Real Prediction Machines is a data-driven approach to fortune-telling, a speculative design project that proposes that prediction algorithms, like Amazon’s anticipatory shipping algorithm, or financial forecast algorithms, will potentially be used in domestic scenarios to predict things like future arguments or family deaths. The service provider of this thing would tune the algorithm to the data needed to make such a prediction and then the user would see on a minimal device interface whether the event is approaching, receding or imminent.  A bit of a vague project, but worth adding to the algopop archive.

The project is on display at the Crafting Narrative exhibition in Ealing, London, that ends this Sunday.




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"feral spambooks will deploy probabilistic text generators seeded with the contents of your own ebook library to write a thousand vacuous and superficially attractive nuisance texts that at a distance resemble your preferred reading. They’ll slide them into your ebook library disguised as free samples, with titles and author names that are random permutations of legitimate works, then sell advertising slots in these false texts to offshore spam marketplaces."

Charlie Stross envisions the future of bookspam; Turing-complete, Javascript enabled, parasitic ebooks.





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Pay Per Laugh by Cyranos McCann

Pay Per Laugh is a new payment system designed for comedy clubs that uses facial expression detection software to charge customers 30 cents per laugh. The entry is free and so you only pay if you are measured to have found the night funny. The project is documented on this video.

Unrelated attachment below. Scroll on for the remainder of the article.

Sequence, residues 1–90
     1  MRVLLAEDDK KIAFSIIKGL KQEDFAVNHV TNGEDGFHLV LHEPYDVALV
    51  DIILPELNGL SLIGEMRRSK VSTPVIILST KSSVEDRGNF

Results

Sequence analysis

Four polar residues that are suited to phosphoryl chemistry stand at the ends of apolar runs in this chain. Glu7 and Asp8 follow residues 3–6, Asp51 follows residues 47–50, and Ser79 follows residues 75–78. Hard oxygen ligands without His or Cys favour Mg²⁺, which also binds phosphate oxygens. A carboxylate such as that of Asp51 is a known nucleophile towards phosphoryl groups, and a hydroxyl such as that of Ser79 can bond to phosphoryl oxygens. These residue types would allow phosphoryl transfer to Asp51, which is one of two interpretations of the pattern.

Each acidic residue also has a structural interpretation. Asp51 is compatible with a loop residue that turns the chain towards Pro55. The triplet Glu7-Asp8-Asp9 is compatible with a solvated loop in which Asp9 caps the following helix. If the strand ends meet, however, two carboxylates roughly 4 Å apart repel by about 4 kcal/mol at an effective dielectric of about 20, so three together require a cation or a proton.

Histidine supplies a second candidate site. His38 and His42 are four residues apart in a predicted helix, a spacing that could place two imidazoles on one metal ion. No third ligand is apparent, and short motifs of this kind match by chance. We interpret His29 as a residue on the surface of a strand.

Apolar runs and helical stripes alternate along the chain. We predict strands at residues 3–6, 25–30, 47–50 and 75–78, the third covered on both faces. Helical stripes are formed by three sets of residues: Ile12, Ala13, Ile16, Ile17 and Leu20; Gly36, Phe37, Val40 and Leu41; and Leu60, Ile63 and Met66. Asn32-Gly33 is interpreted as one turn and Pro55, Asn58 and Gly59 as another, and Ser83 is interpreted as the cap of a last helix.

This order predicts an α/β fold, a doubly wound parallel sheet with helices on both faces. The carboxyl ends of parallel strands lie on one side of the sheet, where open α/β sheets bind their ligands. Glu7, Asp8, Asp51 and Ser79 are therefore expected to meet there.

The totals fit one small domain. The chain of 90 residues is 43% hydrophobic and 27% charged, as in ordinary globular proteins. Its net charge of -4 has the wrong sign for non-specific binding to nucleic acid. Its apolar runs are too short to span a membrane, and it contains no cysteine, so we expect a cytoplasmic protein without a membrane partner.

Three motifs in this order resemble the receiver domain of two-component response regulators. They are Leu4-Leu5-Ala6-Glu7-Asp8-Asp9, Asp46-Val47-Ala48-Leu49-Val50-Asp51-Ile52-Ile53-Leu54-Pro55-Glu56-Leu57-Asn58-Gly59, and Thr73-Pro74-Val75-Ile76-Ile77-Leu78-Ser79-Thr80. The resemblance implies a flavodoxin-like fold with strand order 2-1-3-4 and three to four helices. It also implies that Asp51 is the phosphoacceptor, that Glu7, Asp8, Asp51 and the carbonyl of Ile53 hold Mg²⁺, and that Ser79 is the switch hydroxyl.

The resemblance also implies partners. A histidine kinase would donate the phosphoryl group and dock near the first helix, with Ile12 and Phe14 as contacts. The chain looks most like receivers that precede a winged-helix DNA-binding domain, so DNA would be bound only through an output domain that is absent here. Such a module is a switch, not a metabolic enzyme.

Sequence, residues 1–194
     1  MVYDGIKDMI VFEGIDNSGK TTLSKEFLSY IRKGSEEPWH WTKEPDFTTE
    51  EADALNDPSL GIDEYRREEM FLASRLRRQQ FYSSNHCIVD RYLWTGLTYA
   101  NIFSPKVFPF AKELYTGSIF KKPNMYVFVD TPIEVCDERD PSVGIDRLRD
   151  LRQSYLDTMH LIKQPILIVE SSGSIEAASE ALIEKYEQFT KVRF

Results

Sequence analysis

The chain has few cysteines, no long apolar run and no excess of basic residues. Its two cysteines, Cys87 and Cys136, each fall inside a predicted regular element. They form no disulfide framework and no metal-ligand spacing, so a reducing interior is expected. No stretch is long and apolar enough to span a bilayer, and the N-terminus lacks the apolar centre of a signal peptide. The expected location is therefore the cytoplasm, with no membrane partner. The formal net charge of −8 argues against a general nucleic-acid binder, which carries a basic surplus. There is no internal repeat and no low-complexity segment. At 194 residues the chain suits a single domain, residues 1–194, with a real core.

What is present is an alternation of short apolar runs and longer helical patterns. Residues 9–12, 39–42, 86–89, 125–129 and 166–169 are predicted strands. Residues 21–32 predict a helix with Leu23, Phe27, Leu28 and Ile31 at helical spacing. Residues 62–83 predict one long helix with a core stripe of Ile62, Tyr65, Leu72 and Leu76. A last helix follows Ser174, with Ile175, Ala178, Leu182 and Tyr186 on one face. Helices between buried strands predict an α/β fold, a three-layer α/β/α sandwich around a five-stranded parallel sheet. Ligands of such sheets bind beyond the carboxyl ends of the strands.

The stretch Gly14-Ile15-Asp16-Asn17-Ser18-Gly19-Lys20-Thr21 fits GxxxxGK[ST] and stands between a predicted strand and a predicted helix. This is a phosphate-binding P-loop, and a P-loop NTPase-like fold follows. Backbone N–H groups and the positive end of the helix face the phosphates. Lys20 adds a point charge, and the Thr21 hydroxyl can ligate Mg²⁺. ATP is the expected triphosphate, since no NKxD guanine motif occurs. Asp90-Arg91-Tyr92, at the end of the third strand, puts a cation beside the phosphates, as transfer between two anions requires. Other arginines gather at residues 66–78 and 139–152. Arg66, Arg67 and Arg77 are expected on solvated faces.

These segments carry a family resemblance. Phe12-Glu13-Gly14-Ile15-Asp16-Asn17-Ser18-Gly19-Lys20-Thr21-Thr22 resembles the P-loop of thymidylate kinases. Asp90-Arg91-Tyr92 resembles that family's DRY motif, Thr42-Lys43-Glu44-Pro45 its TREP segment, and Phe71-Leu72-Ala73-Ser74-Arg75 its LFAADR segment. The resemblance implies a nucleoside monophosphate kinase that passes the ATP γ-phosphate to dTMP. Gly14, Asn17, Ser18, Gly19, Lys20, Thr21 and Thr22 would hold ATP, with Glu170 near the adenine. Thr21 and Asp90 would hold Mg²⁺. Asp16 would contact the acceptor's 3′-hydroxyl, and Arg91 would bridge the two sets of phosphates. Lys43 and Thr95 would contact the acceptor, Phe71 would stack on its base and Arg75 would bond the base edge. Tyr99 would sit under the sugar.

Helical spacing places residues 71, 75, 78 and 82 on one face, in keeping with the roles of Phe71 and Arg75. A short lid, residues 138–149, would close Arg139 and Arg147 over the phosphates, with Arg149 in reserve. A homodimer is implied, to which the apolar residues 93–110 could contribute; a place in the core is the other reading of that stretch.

The Teatreneu comedy club in Barcelona hired ad agency Cyranos McCann to devise a way to get customers to return to comedy after a decline in sales due to a huge increase in taxes on theatre tickets.




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Show me my bills by Google

Google have added a new feature to its search engine - it will search your gmail account for due bills to be paid. Simply google “show me my bills”. I’m wondering where this feature fits in to Google’s other activities - is it to detect people in debt to deliver targeted ads? Is it to aggregate this information and sell their findings to utility companies? Or does this aid their new Nest home monitor in turning down the heating when it learns that you can’t afford it?  




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NBA 2K15 Face Scan Glitches

NBA 2K15 makes use of the Playstation camera for PS4 to allow gamers to scan their faces and become a character in the game. The feature uses face detection algorithms that often fail to identify the features of the face correctly creating monstrous glitches. I’m considering buying this game now just to make glitch portraiture. Images found on Twitter.




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Web Popularity Products by Valerio Loi

Photographer Valerio Loi imagines a future in which social network popularity would be sold on supermarket shelves. Taking inspiration from the already existing services for fake followers online, its not hard to imagine these offered IRL as they do with iTunes vouchers. The photography project is perhaps more interesting as a metaphor for how commonplace these new desires and bot services are becoming. I also wouldn’t mind my 1000+ bot followers coming out of a tin, I’m sure one of you #algopop readers could actually make it happen.




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#Algopop Search